Still scratching your head in confusion about why your dog is chasing their tail? Don’t worry, you’re not alone. Most owners aren’t quite sure why their fur-friends circle around and around in a usually pointless attempt to catch their tails either. But the question still stands, why does my dog do this?
Unfortunately, there's more than one answer. Depending on your dog, there are a few different reasons why you’ll find them trying to ‘catch’ their tail. In this article we’ve narrowed it to 5 key reasons – let’s check them out.
Often, when someone sees a dog chasing their tail the general assumption is because the dog is bored. However, it’s usually not boredom but rather an insufficient level of physical activity that’s the cause. If your pooch has a great need for physical exercise, they might engage in tail chasing to use their energy and tire themselves out. If this is the case, the tail chasing should stop once their activity levels are increased.
Some dogs are known to have a genetic predisposition to compulsive behaviours like tail chasing. For example, flank sucking is common in Dobermans and tail chasing is common in Terriers and German Shepherds. The age of your dog might also be a factor. Sudden tail chasing is common in older dogs and often a signal of psychological or medical conditions. In puppies, however, it can be a harmless expression of play.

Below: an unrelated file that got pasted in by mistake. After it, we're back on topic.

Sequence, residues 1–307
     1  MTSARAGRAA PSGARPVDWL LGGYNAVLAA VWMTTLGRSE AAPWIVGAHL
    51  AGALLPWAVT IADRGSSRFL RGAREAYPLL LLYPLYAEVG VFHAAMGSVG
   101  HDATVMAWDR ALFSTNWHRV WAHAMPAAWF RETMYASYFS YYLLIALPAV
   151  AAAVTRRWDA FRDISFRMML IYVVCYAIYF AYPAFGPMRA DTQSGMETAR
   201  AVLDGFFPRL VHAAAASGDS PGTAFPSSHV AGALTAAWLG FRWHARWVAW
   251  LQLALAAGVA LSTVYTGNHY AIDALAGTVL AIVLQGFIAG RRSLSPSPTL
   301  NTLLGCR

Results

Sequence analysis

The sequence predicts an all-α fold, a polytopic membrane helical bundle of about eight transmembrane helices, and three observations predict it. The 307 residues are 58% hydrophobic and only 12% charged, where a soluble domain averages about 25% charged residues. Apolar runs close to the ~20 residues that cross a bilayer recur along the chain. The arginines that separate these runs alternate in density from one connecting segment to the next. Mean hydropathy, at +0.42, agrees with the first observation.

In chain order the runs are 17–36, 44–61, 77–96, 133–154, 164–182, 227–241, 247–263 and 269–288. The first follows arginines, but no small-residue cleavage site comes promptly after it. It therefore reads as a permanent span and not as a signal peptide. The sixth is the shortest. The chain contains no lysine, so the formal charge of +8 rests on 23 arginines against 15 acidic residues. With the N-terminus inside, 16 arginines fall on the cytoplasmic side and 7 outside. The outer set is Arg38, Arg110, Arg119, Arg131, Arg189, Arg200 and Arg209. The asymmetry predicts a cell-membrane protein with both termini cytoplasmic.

If your dog suddenly starts chasing or biting at their tail, a visit to the vet is probably due. Research mentions that dogs will chew at a painful area much like people rub an arthritic knee to provide relief. For example, dogs that get their tails caught in a door or nicked on a sharp object will chase and chew at their tails to soothe the injury. Furthermore, dogs will also chase their tails when they are infested with intestinal parasites like tapeworms.
Tail chasing can also be the symptom of an underlying anxiety or psychological issue. The behaviour begins with the dog chasing or scratching at the tail after an injury or irritation. As the behaviour is comforting for the dog, it can become a habit when they are feeling threatened. Even after the tail has healed or the irritation has gone, the action makes them feel safe.
Although difficult to treat, it can be somewhat prevented if stopped early enough.
Dogs are social animals, and there’s nothing they love more than attention and affection from their humans. So if your dog learns that by chasing their tail they will get your attention, chances are, they're going to continue doing it. Even negative attention can be perceived as positive reinforcement. Tail chasing is an invitation for you to take notice and play with them. The key to stopping this type of tail chasing is almost illogical. You should try to ignore your dog while they are running in circles and praise them when they're not.
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